To play jazz at the level Mr Benson does you need to have a firm grasp of theory and chord construction. In this section Dion will be breaking down a typical Benson jazz progression to get you mastering the rhythm side of his playing as well as the lead.
Jazz rhythm parts can be extremely complicated and therefore repetition is a very useful thing when learning them! For this tune, we have a 4 chord piece that loops around for 4 minutes. This is so that you can learn to play along through these complicated chords and typical jazz groove. So, your first task is to listen. Try to get through the whole track before tackling the theory in the next lesson.
To understand the theory within this tune we need to first understand what Mixolydian means as this song is based around a Bb Mixolydian key. The Mixolydian mode is the 5th mode of the major scale. It, therefore, makes sense, at this stage, to relate Bb Mixolydian back to its parent major scale. So, the 5th down from Bb is Eb. This is therefore in the key of Eb major. If you are confused about that, hopefully, this diagram will help a little:
So, with that sorted we can now understand the theory a little more. In the key of Eb major we would normally harmonise the 7 chords as Ebmaj7, Fm7, Gm7, Abmaj7, Bb7, Cm7, Dm7b5. In our song we have the basic chords: Bb7, Em7b5, Ebmaj7 and Ab7. So, as you can see the Bb and Eb are natural to the key, but the Ab7 and Em7b5 isn't. Bare this in mind as we run through the following videos, where we'll talk in more detail, but essentially the Em7b5 is a passing chord and the Ab7 is made dominant (rather than major 7th) to create tension that resolves more effectively to the Bb7.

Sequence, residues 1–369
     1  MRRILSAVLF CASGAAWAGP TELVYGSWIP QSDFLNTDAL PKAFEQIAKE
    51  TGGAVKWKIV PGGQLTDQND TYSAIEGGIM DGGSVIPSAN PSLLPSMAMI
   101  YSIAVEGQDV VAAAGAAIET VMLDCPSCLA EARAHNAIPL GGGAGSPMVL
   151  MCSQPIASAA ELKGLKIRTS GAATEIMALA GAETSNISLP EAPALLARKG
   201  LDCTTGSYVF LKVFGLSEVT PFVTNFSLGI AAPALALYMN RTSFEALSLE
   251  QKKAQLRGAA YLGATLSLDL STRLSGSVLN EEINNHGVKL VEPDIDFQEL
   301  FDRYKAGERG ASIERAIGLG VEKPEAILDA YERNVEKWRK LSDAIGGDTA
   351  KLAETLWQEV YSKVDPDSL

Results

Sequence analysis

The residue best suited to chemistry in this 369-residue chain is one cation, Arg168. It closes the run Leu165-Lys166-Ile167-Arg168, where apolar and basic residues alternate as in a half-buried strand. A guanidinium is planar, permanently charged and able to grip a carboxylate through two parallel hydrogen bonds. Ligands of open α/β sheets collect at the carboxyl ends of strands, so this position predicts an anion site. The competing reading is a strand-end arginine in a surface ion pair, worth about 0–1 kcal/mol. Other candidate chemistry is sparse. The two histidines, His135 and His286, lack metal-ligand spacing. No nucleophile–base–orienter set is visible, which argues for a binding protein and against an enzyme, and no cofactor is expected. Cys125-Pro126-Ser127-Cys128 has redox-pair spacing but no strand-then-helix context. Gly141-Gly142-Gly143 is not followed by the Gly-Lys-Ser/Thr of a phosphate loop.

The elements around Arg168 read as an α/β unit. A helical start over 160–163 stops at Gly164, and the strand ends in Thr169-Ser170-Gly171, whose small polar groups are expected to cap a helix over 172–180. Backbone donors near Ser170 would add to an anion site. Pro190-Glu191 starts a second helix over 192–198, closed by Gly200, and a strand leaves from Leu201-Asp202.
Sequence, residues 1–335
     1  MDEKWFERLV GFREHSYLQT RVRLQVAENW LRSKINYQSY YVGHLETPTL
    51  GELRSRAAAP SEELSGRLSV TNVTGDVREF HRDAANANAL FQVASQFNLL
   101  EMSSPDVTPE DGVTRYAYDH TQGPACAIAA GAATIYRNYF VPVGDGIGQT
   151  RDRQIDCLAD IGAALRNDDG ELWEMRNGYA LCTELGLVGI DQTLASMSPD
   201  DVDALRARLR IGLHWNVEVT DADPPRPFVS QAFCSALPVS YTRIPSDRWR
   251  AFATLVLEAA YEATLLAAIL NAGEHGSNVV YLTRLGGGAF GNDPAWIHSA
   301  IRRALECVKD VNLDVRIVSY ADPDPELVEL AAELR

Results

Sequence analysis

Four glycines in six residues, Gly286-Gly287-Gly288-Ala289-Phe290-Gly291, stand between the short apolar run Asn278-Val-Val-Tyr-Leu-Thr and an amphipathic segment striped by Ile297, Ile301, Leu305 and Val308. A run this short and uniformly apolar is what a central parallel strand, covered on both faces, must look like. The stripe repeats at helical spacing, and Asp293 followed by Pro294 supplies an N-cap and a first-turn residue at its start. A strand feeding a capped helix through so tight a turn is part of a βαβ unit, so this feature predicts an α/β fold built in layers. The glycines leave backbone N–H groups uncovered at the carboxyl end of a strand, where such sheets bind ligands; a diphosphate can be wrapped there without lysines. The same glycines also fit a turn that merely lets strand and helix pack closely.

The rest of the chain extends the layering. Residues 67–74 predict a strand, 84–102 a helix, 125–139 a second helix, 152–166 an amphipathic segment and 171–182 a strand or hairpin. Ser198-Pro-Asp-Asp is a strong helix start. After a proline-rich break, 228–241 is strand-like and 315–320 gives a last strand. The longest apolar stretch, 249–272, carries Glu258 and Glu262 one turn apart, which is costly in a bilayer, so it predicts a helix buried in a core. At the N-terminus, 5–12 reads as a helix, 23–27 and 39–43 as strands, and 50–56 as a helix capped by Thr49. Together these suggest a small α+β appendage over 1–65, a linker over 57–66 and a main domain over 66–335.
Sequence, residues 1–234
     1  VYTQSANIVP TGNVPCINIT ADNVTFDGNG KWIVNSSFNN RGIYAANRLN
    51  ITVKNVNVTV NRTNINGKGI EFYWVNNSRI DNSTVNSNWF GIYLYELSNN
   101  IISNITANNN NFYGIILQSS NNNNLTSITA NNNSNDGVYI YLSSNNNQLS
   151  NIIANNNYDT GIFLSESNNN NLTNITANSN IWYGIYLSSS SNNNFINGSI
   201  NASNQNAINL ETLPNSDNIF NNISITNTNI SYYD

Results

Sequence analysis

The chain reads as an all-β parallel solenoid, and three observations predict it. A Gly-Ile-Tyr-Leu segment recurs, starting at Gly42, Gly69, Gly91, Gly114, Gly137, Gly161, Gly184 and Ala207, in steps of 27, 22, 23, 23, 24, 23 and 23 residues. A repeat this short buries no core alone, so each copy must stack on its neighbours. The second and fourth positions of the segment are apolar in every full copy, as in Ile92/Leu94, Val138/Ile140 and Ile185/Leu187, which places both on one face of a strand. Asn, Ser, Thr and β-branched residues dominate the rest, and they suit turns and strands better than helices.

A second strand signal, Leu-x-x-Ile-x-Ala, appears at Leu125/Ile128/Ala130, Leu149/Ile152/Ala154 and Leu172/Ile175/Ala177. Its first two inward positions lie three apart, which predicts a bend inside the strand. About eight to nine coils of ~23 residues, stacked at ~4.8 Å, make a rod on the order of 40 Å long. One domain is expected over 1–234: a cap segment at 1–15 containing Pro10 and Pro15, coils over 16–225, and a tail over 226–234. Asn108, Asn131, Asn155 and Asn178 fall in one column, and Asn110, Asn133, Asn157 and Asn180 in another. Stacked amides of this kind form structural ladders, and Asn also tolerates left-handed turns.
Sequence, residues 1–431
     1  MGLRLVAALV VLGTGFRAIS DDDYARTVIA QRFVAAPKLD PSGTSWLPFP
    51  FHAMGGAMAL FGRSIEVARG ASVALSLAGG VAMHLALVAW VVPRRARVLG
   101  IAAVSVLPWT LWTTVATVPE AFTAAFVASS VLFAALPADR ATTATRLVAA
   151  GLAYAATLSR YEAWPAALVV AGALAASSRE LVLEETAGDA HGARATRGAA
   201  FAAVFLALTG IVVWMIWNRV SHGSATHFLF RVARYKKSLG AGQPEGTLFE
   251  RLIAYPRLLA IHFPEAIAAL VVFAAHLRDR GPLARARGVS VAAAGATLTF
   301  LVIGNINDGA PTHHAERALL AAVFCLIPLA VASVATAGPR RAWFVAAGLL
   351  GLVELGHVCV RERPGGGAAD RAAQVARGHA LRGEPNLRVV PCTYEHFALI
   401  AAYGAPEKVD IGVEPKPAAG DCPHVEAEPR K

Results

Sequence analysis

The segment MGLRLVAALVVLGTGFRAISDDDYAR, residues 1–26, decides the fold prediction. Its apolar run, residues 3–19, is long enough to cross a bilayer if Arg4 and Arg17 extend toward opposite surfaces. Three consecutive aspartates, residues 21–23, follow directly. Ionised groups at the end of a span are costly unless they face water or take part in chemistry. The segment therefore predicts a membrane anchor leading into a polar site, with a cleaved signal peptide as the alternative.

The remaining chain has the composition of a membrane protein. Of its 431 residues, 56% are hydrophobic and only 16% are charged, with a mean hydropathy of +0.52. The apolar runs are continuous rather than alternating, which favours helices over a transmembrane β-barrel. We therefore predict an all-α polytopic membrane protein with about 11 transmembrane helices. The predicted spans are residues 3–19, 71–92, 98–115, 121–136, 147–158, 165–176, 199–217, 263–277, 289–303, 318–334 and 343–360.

The chord progression for this tune is:
The first chord of the loop, the Bb9, is played using a really cool voicing that doesn't use the root note. This is simply because the bass player is playing the root note and therefore suggesting the chord. 9th chords usually have the 1st, 3rd, 5th, b7th and 9th in them, but here we are omitting the root and 5th to create the chord. The chord shape itself can be found in the Chord Boxes.
Throughout the entire progression, we are using a typical jazz groove called the Charleston rhythm. For that groove, we basically hit the 'one' and 'two and' beats, and specifically with downstrokes. This means you are essentially running in 16th notes, but you don't need to constantly play strict 16th movements with the arm. The rhythm pattern looks like as shown below. Focus on getting the Bb9 and rhythm together before moving on.
For the second two chords we can theoretically link them together. To start with, learn the chord shapes as shown in the chord box area, then we will talk theory!
The Ebmaj7 fits beautifully into the key, but why does Em7b5 work? Well, if you look at the chord diagrams you can see that the top 3 notes are identical on both chords. This means that 3 of the 4 notes of Ebm7b5 fit perfectly into the key. The E (rather than Eb) note just creates tension which resolves perfectly down a semitone to Eb. This is a cool little trick that you can use a lot in jazz. Try to now apply your rhythm to all 3 chords so far.
Our final chord is the Ab13, which is essentially a dominant 7th chord with the added 13th. To construct a 13th chord you typically take the root, 3rd, b7th and 13th (you can also use the 5th and 9th if you want to!). As we said at the beginning, this chord should theoretically be a major 7th, as that fits into the key. However, by flattening the 7th and creating a dominant chord (As well as adding the 13th) we create a pullback to the Bb9, which helps settle the Bb9 as the root chord, and therefore establishes the overall Mixolydian sound. This chord can be found in the chord chart.
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